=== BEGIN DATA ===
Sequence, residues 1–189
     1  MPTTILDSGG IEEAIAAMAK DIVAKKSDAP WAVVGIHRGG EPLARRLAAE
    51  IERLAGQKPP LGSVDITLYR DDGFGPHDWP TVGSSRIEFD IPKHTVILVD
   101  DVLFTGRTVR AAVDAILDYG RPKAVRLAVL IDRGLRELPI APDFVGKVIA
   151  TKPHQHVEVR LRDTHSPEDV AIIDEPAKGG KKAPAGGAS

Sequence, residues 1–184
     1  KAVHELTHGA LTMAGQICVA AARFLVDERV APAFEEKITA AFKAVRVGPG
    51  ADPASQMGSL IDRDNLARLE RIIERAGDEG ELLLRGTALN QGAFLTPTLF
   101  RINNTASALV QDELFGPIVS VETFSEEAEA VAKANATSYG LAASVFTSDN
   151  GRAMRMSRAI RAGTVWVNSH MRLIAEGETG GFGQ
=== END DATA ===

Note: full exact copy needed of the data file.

Sequence, residues 1–189
     1  MPTTILDSGG IEEAIAAMAK DIVAKKSDAP WAVVGIHRGG EPLARRLAAE
    51  IERLAGQKPP LGSVDITLYR DDGFGPHDWP TVGSSRIEFD IPKHTVILVD
   101  DVLFTGRTVR AAVDAILDYG RPKAVRLAVL IDRGLRELPI APDFVGKVIA
   151  TKPHQHVEVR LRDTHSPEDV AIIDEPAKGG KKAPAGGAS

Sequence, residues 1–184
     1  KAVHELTHGA LTMAGQICVA AARFLVDERV APAFEEKITA AFKAVRVGPG
    51  ADPASQMGSL IDRDNLARLE RIIERAGDEG ELLLRGTALN QGAFLTPTLF
   101  RINNTASALV QDELFGPIVS VETFSEEAEA VAKANATSYG LAASVFTSDN
   151  GRAMRMSRAI RAGTVWVNSH MRLIAEGETG GFGQ